Roading: East Coast contractors leading change
Above: Blackbee PGF culvert renewal team: Neihana Brown-Ratahi, John Brown, Shannon Tangaroa, David McClutchie.
Ruatorea-based contractors such as Blackbee, Kuru and Parata Contracting now offer the local community a future in roading, an alternative to forestry and farming which is changing the future for so many families.
Neihana Brown-Ratahi is the first non-family employee at Blackbee Contracting, also based in Ruatorea.
“When I returned to the East Coast to be closer to my kids two years ago, I had no idea I would end up working in roading. I now have the highest possible heavy machinery licence and I’m transporting million dollar machines around the coast.”
Twelve months ago Blackbee Contracting had three staff members, one truck and a digger. One year later, they now have ten full-time staff, four trucks and five diggers.
Boss Blackbee’s father founded the organisation 37 years ago, a legacy that Boss wants to continue.
“We are proud to be providing a quality service by and for East Coast people. We are now involved with repairing culverts across the region, we just love making our land safer for our people,” said Mr Blackbee.
The growth and opportunities on offer in the roading industry have also given Te Rangi Marie Bartlett (below) a new direction in life. Te Rangi Marie started three months ago as a traffic controller at Ruatorea-based Parata Contracting.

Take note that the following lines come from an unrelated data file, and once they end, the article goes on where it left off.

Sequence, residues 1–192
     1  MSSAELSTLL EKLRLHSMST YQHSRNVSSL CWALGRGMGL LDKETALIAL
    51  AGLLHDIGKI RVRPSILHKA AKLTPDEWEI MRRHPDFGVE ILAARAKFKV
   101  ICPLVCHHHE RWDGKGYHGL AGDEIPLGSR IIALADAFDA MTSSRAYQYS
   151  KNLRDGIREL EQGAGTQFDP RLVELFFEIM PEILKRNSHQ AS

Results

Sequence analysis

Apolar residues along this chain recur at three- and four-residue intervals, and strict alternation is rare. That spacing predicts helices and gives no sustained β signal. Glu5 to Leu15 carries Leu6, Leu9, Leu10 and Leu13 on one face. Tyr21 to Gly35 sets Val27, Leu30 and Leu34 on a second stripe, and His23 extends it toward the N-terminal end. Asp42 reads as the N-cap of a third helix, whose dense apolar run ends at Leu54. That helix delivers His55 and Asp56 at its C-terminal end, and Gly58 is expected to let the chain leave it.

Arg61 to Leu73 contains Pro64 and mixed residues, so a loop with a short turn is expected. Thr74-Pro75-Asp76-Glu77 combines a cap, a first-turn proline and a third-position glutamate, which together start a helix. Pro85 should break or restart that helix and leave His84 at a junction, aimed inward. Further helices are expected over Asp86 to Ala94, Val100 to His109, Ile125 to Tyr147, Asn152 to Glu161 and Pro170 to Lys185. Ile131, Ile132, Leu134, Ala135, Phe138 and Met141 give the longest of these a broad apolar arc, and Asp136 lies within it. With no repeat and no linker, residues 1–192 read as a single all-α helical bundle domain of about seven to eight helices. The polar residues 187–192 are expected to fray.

“This job has saved me. I now feel that I am a role model for Rehua, my son. I’m now committed to achieving my next goal of working on heavy machinery. I love the opportunities to grow in this job and the fact I am keeping my people safe,” said Ms Bartlett.
Parata Contracting operations manager, Kat Kaiwai, started the company in October last year and now has fourteen full-time employees.
“It is amazing how much pride our people take in providing this service to our community. Rangatahi who were once speeding up and down our local roads are now out there making a difference,” said Ms Kaiwai.
Kuru Contracting is expecting to grow from 52 current employees to in excess of 70 in the next two months. Kuru operations manager, Matanuku Parata, says that investing in local people and creating an organisational culture where people love to work is the key to success.
“The social aspect of the Provincial Growth Fund has started more conversations about the social return from investment for the local community. At Kuru, we’ve had this outlook for some time. Our focus is our people. Times are changing.”